Within two weeks, teachers at Kansas City Academy confirmed that Stephen had serious learning problems. Kline had him evaluated by a psychologist, who agreed that Stephen's slow processing speed affected his writing ability. Small classes at Kansas City Academy allow teachers to design programs tailored to each student's needs, and since Stephen took much longer than other students to complete written assignments, for example, his teachers allowed him to give oral presentations instead. Stephen has thrived at the new school, where his teachers say he is bright and creative. He rarely misses a day.

Doering, the other driver in Kline's car pool, says she too faced resistance from the Shawnee Mission district when it came to her son's disability. Zachary has a visual impairment that will eventually lead to blindness. Rosehill Elementary School gave him an IEP in kindergarten because of his limited vision and the fact that counselors deemed him gifted. Even so, Doering says, teachers at Rosehill failed to implement learning modifications the Doerings and the district had agreed upon at IEP meetings.

Teachers were supposed to write Zachary's assignments on paper because he couldn't see to copy from the blackboard. Sometimes they did and sometimes they didn't, says Doering. And Zachary was supposed to have access to a computer in the classroom, but the computer network was down for nearly an entire year. Although Zachary has a genius-level IQ, he maintained only a C average. Doering and her husband finally removed their son from the district and placed him at Kansas City Academy.

The problems Kline and Doering encountered aren't unique. This year, the National Council on Disability released its findings: Nearly every state in the country fails, to some degree, to comply with the Individuals with Disabilities Education Act, a federal law designed to make sure that all children with disabilities have access to a free, appropriate public education. Kansas was out of compliance on 14 of the 41 categories the council monitored.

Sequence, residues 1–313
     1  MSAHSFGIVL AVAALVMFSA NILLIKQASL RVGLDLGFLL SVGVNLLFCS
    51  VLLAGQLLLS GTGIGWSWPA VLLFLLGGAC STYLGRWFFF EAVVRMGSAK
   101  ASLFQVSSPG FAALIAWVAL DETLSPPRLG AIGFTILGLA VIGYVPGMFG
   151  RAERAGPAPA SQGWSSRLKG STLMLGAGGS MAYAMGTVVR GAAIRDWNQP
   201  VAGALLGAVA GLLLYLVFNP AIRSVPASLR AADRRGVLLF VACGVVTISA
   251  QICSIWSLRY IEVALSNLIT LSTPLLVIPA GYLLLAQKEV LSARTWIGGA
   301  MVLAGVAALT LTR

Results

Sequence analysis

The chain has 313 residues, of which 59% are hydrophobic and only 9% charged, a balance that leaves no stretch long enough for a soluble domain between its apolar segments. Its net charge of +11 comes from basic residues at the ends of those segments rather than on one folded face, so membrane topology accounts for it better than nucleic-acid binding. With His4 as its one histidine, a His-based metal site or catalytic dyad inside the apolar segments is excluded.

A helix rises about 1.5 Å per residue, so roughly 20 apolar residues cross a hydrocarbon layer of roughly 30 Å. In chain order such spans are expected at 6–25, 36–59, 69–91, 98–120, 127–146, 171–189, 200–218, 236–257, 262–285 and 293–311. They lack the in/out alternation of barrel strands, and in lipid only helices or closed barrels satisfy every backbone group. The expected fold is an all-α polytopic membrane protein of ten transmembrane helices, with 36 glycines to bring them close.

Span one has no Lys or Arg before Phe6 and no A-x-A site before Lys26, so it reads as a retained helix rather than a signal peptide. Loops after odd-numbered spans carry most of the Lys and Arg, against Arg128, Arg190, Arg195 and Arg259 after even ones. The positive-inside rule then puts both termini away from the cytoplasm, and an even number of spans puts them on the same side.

But Deborah Haltom, the Shawnee Mission School District's director of special education, says "the process works very well." Of the approximately 31,000 students enrolled in the district, 5,000 receive special-education services, she says, and that number fits right in with national and state averages. Haltom declined to comment on Stephen's case, citing confidentiality issues. "If we had a lot of kids not getting the services, or our numbers were low, I'd be concerned," she says, "just like if we had larger numbers, I'd be concerned. But I'm very confident in our program."

Kline isn't. "Shawnee Mission School District failed to identify Stephen as a child with a disability," she says. "They should have identified him probably when he was in the third grade. But if they don't identify a kid as needing special education, then they don't have to provide special education services."

This past March, Kline requested a due process hearing with the district. She wanted to ask for reimbursement for private-school expenses. Stephen had been entitled to an IEP, she believed, and if the district would not accommodate her son, she had no acceptable option but to place him in private school. But the hearing officer denied Kline's requests. Kline says she'll appeal, if for no other reason than she believes that somebody has to stand up to the Shawnee Mission School District. "I've got to do something," says Kline. "If you don't have a child who can be factory-educated and needs something different, it isn't possible in this school district."

Doering says that over the past four years, she has met roughly 40 parents -- at PTA meetings for Shawnee Mission South, where her daughter attends, through friends, and at Kansas City Academy -- who felt they had no choice but to remove their children from Shawnee Mission schools and place them in private schools that could accommodate their children's disabilities.

"When Zachary finished elementary school in the Shawnee Mission district, I wondered if I would even be able to get him through high school," says Doering. "Now he's first in his class and wants to be an attorney." If district administrators are unwilling to face the district's shortcomings when it comes to special education, she says, the children will be the ones who suffer.